IPL 2014: A blot on Dale Steyn’s career
“Oh, those are great stats. Outstanding stats, actually. But numbers never tell you the full story, do they? It’s the sheer menace. How do you measure menace?”, Alan Wilkins said while commentating about Dale Steyn’s career.
This season, though, the story has been drastically different. In his worst IPL by a long margin, Dale Steyn has been a pale shadow of his former self. Both Shikhar Dhawan and Darren Sammy have preferred his new ball partner Bhuvneshwar Kumar over him in crunch situations, and being the captain’s second choice must be unfamiliar territory for arguably the world’s best fast bowler.
In his 14 matches in the seventh edition of the IPL, he took only 11 wickets at a disappointing average of 39.18 – fifteen more than his career IPL average of 23.32. On small grounds with lightning quick outfields, and pitches so flat that they look like they have been prepared by road contractors, his economy of 7.69 isn’t awful. Many lesser bowlers may even consider it as a fairly successful season, but Dale Steyn must be disappointed.
After all, in his IPL career of 83 matches, he’s been responsible for the downfall of 89 batsmen, and has picked his wickets at an outstanding average of 23.80. The deadly combination of lethal pace and pinpoint accuracy has ensured that Steyn has kept his economy rate down at 6.58, making him an indispensable weapon in his captain’s armoury.
While talking about the magical art of fast bowling, Ian Bishop said: “You want to look into a batsman’s eyes and see that he doesn’t want to be there”. And until recently, this was such a regular feature in Steyn’s game. While it may be true that an individual’s fortunes in the shortest format of the game largely depends on luck, Steyn had quite effortlessly made his own luck over the years.
Over the last two months though, he has blundered. He has made rookie mistakes, and hasn’t been anywhere close to the top of his game. This year, the menace has mysteriously disappeared. He seems to have left his venom in some obscure corner of the planet; his sting has now vanished.
To showcase how off-colour Steyn actually was this year, a cursory glance at his previous seasons should do the trick. His bowling average in the last three years has been nothing short of staggering – 20.21, 15.83, and 21.85 are numbers any bowler would be proud of. In the first six editions of the league, there had been only three occasions when Steyn was hit for over twenty in an over. This season alone, the carnage happened four times. Other than IPL 7, the only year when Steyn averaged less than one wicket per match was way back in 2009. He had played just 3 matches that season – which is too small a sample size to draw any reasonable conclusion.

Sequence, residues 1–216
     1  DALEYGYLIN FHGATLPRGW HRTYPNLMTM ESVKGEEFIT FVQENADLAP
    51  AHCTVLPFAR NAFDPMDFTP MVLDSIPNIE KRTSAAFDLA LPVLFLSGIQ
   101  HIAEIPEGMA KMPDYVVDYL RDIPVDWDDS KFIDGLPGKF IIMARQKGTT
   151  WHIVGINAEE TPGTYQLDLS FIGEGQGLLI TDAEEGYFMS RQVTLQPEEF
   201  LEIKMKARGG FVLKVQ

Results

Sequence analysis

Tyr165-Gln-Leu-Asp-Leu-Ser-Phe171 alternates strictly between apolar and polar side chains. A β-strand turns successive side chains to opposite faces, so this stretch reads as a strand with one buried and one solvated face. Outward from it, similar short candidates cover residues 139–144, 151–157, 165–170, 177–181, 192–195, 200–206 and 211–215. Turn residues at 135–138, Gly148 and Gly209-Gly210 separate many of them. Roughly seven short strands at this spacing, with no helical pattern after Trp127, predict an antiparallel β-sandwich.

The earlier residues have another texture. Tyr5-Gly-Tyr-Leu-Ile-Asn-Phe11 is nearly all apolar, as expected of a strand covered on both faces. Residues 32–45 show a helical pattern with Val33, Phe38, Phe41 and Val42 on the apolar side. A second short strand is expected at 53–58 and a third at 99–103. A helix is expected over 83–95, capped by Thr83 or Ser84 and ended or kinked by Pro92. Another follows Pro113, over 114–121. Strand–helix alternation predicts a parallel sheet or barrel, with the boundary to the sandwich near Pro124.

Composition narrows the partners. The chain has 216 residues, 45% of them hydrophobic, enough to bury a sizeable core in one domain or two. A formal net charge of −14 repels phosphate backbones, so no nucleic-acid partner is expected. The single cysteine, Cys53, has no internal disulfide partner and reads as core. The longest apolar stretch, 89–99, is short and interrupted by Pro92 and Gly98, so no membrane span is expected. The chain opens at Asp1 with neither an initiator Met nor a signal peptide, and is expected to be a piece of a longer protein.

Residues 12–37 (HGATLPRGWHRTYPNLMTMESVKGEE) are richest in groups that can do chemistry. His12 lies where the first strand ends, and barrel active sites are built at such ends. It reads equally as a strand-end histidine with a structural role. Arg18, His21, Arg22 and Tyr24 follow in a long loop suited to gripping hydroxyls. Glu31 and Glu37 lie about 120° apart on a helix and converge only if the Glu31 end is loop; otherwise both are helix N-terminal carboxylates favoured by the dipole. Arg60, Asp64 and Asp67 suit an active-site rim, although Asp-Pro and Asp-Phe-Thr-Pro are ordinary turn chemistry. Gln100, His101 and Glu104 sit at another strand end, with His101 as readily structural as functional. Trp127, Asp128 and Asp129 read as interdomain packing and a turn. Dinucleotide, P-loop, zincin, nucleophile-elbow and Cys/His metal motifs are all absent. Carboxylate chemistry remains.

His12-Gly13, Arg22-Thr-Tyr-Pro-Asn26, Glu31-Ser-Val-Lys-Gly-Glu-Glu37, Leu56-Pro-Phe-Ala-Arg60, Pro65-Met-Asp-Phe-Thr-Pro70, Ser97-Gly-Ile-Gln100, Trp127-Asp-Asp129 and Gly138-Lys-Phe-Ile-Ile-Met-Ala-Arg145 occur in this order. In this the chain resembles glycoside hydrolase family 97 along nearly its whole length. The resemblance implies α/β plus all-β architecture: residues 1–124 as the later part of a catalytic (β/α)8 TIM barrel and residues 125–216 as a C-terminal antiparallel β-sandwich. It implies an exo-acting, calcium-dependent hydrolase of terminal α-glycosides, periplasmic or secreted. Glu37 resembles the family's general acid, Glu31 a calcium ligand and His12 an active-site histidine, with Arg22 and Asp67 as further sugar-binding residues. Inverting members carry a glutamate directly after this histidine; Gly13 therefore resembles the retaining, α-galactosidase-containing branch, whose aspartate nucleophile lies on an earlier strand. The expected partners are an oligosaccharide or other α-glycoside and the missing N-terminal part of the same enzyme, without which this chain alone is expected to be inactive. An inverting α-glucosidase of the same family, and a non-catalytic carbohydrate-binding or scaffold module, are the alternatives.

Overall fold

This season, Steyn didn’t make the necessary adjustments required for T20s. A batsman can play technically-correct, Test match shots, hand-picked straight out of the coaching manual, and still score handsomely in T20s. A bowler cannot do that – the corridor of uncertainty often dilutes to an illusion, and bowling in the channel seems to work only against traditional batsmen in the first few overs of the innings. His line and length this season would have probably resulted in yet another five-for in a Test match, but screamed “hit-me” for a T20.
AB de Villiers, MS Dhoni and Yusuf Pathan mercilessly tore him apart when he bowled length deliveries outside off, and his performances in those games led to the Sunrisers crashing out of the tournament. The yorker is probably the most important ball in this format of the game, and Steyn struggled to land them at the right times. In this interview, he talks about how back to back games were affecting his bowling, and how he hadn’t had sufficient time to perfect his yorker.
Also, he didn’t seem to vary his pace enough. While many bowlers prospered using clever variations in pace, Steyn barely used the slower delivery. On small grounds, bowling every ball at 140 clicks can often backfire, and Steyn learnt that lesson the hard way.
Mitchell Starc and Bhuvneshwar Kumar were prime examples of how bowling with the straight seam and a decent seam presentation allows the ball to swing just the slightest bit more, thus making it much harder for the batsmen. Meanwhile, Steyn continued to inexplicably bowl a majority of his deliveries with a cross seam, even though it failed more often than not.
His franchise, the Sunrisers Hyderabad, have had to bear the brunt of Steyn’s underperformance. Following a season where they consistently defended scores as low as 130 with effortless ease, the complete lack of incision in their bowling department this year hit them hard.
It has been a tough two months for Dale Steyn. But the genius that he is, it’s highly probable that he’d be back to his terrifying best, sooner rather than later. At the end of his illustrious career, it’s unlikely that these two months will affect his legacy. These two months would probably fade away from public memory, and would not cast any shadows over his reputation as the best fast bowler in the world in the post Wasim-Waqar-McGrath generation.
Dale Steyn himself, though, may not sleep well. He had once said: “I enjoy taking wickets more than most people can understand.”
Taking into consideration the remarkably high standards he sets for himself, he may view this as a blip in his fabulous career, making it a stain that would forever remain; a wound that shall never fully heal.